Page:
More than five million Americans have been diagnosed with Alzheimer’s Disease and other dementias, a number that is rapidly climbing as Baby Boomers age.
Public, academic and medical libraries can and should play an important role in enriching the lives of this too-often forgotten population.
Tales & Travel Memories is an innovative library program that provides services directly to people diagnosed with Alzheimer’s Disease and related dementias, not just their caregivers. Each one-hour program takes participants on an imaginary trip to another country or region of the United States.
It has received a positive reception from residents at assisted living facilities and nursing homes with dementia units, demonstrating a real need to serve this special population. A recent study conducted by Dr. Susan Wesner, Judson University, and funded by a Federal grant (“This project has been funded in whole or in part with Federal funds from the Department of Health and Human Services, National Institutes of Health, National Library of Medicine, under Contract No. HHSN-276-2011-00005C with the University of Illinois at Chicago.”) proved that Tales and Travel Memories is an effective program. According to Wesner, caregivers and volunteers observe increased social interaction, increased cognitive interaction, and various types of cognitive engagement, including verbalization, memory recall, reading ability, and emotional engagement. Caregivers also report improved relationships with their loved ones as a result of the program.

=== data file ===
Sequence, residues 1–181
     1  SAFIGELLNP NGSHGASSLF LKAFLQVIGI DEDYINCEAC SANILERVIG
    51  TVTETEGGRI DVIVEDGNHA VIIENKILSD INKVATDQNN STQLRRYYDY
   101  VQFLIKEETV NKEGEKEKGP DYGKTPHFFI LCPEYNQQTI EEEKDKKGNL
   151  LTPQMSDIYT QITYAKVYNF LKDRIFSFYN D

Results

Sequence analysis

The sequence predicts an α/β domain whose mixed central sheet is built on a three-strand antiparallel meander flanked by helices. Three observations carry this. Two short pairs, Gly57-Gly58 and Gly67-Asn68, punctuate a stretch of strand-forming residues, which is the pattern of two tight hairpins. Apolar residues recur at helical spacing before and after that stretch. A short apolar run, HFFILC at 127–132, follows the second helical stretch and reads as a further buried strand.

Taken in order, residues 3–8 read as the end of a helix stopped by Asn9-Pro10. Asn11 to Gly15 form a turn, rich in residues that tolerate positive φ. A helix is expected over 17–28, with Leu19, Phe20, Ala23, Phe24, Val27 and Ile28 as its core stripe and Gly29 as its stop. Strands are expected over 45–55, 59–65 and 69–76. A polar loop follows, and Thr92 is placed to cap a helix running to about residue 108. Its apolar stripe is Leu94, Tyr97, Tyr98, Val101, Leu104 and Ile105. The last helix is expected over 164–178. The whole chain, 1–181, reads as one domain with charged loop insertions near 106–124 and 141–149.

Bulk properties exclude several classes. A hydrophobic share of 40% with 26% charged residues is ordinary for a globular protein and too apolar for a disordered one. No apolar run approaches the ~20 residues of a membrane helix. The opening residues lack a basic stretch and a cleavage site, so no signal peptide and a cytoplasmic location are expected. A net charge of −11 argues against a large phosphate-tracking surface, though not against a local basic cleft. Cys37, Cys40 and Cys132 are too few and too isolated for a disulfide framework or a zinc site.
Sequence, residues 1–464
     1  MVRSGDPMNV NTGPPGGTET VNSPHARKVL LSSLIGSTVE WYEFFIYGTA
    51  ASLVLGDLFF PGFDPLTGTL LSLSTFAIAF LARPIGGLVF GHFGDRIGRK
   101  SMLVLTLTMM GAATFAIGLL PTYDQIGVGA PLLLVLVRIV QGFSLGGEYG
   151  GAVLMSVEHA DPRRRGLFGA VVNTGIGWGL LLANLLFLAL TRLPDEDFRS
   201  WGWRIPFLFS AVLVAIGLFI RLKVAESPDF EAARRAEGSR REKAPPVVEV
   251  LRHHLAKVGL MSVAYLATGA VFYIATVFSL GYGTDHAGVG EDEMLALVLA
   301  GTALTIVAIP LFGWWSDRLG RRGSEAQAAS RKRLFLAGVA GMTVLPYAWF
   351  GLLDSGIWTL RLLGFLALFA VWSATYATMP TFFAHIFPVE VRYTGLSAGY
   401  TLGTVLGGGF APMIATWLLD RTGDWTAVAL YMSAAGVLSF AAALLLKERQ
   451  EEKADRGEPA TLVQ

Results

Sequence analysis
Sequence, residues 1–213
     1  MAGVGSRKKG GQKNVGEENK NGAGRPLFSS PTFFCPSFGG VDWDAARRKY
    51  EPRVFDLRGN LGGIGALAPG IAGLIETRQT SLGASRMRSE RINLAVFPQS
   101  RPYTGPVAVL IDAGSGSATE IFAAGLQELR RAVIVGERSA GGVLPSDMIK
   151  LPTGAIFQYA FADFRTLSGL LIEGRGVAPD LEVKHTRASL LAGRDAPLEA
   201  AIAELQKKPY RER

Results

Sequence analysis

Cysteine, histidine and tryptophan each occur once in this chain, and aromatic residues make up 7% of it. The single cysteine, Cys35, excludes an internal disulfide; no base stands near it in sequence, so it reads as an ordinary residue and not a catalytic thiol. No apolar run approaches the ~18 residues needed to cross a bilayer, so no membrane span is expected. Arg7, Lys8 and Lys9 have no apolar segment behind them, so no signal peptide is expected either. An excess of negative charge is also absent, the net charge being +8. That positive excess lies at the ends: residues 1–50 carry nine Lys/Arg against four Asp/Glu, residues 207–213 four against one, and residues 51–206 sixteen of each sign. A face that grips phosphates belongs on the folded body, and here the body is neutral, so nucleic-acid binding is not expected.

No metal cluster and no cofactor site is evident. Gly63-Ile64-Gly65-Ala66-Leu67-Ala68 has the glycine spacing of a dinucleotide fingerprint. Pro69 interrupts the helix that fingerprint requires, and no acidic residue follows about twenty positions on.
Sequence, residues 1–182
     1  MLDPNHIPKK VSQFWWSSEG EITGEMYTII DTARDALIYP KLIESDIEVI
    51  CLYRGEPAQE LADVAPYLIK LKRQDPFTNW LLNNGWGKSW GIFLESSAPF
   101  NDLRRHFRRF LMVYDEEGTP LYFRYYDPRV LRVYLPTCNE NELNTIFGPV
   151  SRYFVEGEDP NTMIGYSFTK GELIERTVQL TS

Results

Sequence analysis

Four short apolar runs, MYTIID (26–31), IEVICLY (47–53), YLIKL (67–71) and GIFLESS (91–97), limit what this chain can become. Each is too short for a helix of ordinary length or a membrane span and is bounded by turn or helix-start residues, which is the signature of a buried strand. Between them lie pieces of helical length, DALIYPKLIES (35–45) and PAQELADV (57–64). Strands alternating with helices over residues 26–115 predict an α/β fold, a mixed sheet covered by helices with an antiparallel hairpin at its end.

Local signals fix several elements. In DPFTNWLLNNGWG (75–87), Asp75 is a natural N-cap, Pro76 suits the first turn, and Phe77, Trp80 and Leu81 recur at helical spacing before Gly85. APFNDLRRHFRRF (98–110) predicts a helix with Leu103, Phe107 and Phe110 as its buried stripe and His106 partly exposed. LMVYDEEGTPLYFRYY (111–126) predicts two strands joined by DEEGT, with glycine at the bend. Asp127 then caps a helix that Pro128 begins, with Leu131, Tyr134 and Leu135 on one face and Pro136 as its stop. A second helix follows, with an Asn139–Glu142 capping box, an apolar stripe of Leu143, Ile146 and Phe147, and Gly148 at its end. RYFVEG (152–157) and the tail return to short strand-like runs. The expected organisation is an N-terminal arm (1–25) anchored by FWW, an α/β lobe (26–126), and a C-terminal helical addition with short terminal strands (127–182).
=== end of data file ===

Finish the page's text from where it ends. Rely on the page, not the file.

Designed by retired academic librarian Mary Beth Riedner, whose husband suffered from young onset dementia, and Gail Borden Public Library District staff and volunteers, the program series is offered to diagnosed residents at senior care facilities.
Tales and Travel was developed in compliance with the International Federation of Library Services (IFLA) Guidelines for Library Services to Persons with Dementia. Learn More Here.